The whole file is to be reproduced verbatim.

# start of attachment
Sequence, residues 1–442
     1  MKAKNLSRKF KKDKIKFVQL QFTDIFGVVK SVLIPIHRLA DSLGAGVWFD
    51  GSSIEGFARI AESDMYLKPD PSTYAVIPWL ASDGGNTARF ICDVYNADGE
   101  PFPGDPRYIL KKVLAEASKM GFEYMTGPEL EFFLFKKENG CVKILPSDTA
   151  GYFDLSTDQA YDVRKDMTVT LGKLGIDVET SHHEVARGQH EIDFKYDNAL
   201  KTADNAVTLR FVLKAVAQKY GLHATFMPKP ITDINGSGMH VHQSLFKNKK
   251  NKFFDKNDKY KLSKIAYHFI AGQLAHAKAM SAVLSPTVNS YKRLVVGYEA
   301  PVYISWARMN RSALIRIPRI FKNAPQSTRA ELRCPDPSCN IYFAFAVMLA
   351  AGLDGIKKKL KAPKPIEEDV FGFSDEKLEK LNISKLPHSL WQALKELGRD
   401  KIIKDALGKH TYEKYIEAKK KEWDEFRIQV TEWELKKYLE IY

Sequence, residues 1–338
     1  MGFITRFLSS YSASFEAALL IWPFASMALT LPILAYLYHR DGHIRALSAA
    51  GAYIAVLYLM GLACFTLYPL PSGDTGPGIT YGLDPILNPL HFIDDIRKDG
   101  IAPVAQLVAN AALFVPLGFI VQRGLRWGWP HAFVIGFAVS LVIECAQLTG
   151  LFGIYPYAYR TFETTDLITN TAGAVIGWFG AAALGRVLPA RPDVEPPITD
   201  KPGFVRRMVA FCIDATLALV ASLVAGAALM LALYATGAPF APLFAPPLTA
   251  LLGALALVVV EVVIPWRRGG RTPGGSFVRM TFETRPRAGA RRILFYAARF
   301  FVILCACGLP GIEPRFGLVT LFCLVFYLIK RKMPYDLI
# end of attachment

Sequence, residues 1–442
     1  MKAKNLSRKF KKDKIKFVQL QFTDIFGVVK SVLIPIHRLA DSLGAGVWFD
    51  GSSIEGFARI AESDMYLKPD PSTYAVIPWL ASDGGNTARF ICDVYNADGE
   101  PFPGDPRYIL KKVLAEASKM GFEYMTGPEL EFFLFKKENG CVKILPSDTA
   151  GYFDLSTDQA YDVRKDMTVT LGKLGIDVET SHHEVARGQH EIDFKYDNAL
   201  KTADNAVTLR FVLKAVAQKY GLHATFMPKP ITDINGSGMH VHQSLFKNKK
   251  NKFFDKNDKY KLSKIAYHFI AGQLAHAKAM SAVLSPTVNS YKRLVVGYEA
   301  PVYISWARMN RSALIRIPRI FKNAPQSTRA ELRCPDPSCN IYFAFAVMLA
   351  AGLDGIKKKL KAPKPIEEDV FGFSDEKLEK LNISKLPHSL WQALKELGRD
   401  KIIKDALGKH TYEKYIEAKK KEWDEFRIQV TEWELKKYLE IY

Sequence, residues 1–338
     1  MGFITRFLSS YSASFEAALL IWPFASMALT LPILAYLYHR DGHIRALSAA
    51  GAYIAVLYLM GLACFTLYPL PSGDTGPGIT YGLDPILNPL HFIDDIRKDG
   101  IAPVAQLVAN AALFVPLGFI VQRGLRWGWP HAFVIGFAVS LVIECAQLTG
   151  LFGIYPYAYR TFETTDLITN TAGAVIGWFG AAALGRVLPA RPDVEPPITD
   201  KPGFVRRMVA FCIDATLALV ASLVAGAALM LALYATGAPF APLFAPPLTA
   251  LLGALALVVV EVVIPWRRGG RTPGGSFVRM TFETRPRAGA RRILFYAARF
   301  FVILCACGLP GIEPRFGLVT LFCLVFYLIK RKMPYDLI